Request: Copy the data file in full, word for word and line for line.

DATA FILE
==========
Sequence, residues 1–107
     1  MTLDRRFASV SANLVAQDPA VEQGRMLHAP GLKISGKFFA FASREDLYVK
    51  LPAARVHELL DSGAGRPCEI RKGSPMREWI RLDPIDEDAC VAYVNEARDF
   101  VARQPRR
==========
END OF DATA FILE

Sequence, residues 1–107
     1  MTLDRRFASV SANLVAQDPA VEQGRMLHAP GLKISGKFFA FASREDLYVK
    51  LPAARVHELL DSGAGRPCEI RKGSPMREWI RLDPIDEDAC VAYVNEARDF
   101  VARQPRR